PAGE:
Shortall says documents show political gain behind care list
Former minister of state Róisín Shortall has said released documents showing two locations in the Minister for Health’s constituency were added to a list of primary care centres the evening before the list was published shows “stroke politics” were behind the decision.
Documents obtained under freedom of information by The Irish Times show further changes were made to the list including the addition of Ballaghaderreen, Co Roscommon, and Kilkenny
just hours before the list of centres was announced as part of the Government’s stimulus package last July.
Last September, The Irish Times revealed Swords and Balbriggan were added to the priority list announced by Dr James Reilly as part of the stimulus package, despite the fact they did not feature in a list of the top 30 locations drawn up by the HSE and his then minister of state Ms Shortall.
Swords, Balbriggan, Kilkenny and Ballaghaderreen all ranked outside the top 35 in the list of priority locations drawn up by Ms Shortall and HSE officials, which was weighted towards the most deprived areas of the country.
Swords ranked 130th in this list while Balbriggan ranked 44th. Ballaghaderreen, which was the subject of lobbying by two Government politicians, ranked 244th, while Kilkenny was ranked in 151st position.
The issue has proved hugely controversial for Dr Reilly and the Government ever since. Ms Shortall resigned in September and later described the addition of the two locations in north Dublin to her original list as “stroke politics”.
Ms Shortall said today she was aware of the late additions, adding they was part of the reason why she resigned.
She said Mr Reilly “started off by assisting some of his colleagues and looking after some of his colleagues, and then at the last minute slipping in another four, two of which were in his own constituency”.
“This documentation gives the lie to the many convoluted excuses and justifications that Minister Reilly and his colleagues gave in the Dáil and elsewhere to claim that there was some other criteria used . . . other than pure political patronage”.
In October Mr Reilly told the Dáil the rationale behind the decision on which primary care centres made the list was a “logistical logarithmic progression”.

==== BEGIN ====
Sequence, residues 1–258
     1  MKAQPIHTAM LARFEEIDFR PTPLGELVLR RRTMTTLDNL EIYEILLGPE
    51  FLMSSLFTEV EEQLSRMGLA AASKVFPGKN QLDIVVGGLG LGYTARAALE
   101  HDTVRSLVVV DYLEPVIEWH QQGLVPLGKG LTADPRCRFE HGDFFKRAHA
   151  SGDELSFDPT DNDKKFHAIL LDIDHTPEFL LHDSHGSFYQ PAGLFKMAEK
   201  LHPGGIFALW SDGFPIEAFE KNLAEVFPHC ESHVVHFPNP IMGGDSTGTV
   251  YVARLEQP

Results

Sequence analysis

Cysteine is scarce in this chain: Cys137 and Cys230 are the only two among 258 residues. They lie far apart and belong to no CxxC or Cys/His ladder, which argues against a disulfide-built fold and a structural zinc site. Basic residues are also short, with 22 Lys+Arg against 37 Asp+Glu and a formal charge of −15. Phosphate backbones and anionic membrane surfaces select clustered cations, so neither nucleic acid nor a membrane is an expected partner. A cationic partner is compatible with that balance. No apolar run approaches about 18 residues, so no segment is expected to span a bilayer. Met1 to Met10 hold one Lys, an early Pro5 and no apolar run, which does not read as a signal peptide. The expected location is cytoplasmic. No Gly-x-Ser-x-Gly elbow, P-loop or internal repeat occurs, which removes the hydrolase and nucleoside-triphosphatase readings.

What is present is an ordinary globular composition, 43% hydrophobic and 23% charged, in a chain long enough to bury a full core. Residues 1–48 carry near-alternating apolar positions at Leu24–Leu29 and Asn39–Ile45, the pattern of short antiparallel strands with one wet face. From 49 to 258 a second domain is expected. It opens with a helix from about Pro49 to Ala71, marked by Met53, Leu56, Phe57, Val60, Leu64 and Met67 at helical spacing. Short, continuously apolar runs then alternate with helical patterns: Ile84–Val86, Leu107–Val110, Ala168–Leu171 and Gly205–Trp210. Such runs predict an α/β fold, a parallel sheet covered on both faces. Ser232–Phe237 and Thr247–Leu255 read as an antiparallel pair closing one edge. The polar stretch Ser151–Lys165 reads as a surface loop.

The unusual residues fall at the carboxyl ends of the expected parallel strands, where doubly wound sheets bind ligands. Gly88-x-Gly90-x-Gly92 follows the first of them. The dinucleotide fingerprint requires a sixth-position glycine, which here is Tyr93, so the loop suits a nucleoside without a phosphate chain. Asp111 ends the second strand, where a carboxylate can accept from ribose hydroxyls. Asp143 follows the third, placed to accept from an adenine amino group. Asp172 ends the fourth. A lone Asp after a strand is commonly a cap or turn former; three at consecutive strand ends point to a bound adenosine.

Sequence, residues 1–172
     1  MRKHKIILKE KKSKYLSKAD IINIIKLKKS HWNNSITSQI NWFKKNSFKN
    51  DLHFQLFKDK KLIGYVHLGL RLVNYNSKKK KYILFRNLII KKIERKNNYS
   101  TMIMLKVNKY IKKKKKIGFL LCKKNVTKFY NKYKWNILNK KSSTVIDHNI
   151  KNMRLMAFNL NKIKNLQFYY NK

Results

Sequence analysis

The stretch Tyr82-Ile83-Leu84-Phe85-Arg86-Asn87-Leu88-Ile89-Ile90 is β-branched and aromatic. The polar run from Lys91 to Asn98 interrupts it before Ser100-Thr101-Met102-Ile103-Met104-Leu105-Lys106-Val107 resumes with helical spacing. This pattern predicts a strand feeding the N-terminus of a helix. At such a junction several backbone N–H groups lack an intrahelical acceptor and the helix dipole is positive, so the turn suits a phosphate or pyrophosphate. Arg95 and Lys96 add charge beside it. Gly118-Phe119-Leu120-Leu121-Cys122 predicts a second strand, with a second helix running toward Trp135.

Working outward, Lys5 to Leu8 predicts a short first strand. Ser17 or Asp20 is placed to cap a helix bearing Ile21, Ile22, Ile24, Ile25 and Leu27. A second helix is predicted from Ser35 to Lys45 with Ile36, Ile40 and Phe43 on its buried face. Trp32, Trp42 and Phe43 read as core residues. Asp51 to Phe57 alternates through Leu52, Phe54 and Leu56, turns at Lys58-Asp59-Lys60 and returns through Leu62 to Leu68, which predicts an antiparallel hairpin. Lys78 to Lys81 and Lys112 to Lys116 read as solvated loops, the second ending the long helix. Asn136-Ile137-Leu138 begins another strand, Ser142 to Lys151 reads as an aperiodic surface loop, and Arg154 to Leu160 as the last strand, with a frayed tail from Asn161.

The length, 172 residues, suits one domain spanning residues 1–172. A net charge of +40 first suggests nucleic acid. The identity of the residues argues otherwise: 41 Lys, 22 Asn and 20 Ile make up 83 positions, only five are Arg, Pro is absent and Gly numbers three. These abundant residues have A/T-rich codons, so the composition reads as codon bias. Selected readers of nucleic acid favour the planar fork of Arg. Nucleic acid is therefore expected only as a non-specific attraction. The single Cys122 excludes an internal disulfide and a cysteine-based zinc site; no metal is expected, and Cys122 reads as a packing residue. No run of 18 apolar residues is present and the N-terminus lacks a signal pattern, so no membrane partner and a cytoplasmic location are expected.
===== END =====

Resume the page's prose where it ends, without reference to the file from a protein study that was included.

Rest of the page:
Ms Shortall said the documentation showed this justification to be “codswallop”.
“There is no basis. This is blatant stoke politics. There is no other word for it. And the documentation here establishes that,” she told RTÉ Radio’s Saturday with Claire Byrne programme.
The documents reveal a flurry of last-minute changes in July after the Department of Public Expenditure and Reform (DPER) told the Department of Health for the first time that the locations would be published at the time of the stimulus announcement.
At that point, on July 16th, 33 locations were on the list. However, the Department of Health then drew up its “final list”. A memo sent to DPER at 8pm on that day – the day before the announcement – submitted a new list with Swords, Balbriggan and Oranmore added, and South Dublin removed.
The following day another memo from the Department of Health, marked “urgent – revisions”, stated that there were “changes to last night’s list”.
“There are now 36 locations. Ballaghaderreen is new . . . Kilkenny is new, Castlecomer is out, Oranmore is out,” the memo stated. It was sent at 11:55am, almost 1½ hours after that week’s Cabinet meeting started.
The documents do not show the rationale Dr Reilly employed in altering the original list, but the Minister has said he made his decisions based on a number of factors, including the likelihood of GP buy-in to the plans.
The official files also show that last month the secretary general of the Department of Health Ambrose McLoughlin asked its internal audit unit to “ascertain any connection that links the Minister and/or his four advisers in relation to the selection of the sites for the Balbriggan and Swords primary care centres”. This followed claims that a supporter of Dr Reilly owned the site of a proposed centre in Balbriggan.
Dr Reilly rejected any suggestion of impropriety in the selection of the site. He said this had nothing to do with him.
Fianna Fáil health spokesman Billy Kelleher said last night the new information posed serious questions for Dr Reilly and Tánaiste Eamon Gilmore.
He said the Tánaiste told the Dáil there was documentation which could be sought under freedom of information on the background to Mr Reilly’s decision. Mr Kelleher said nowhere in documents released did this explanation exist. A spokesman for the Minister did not return calls last night.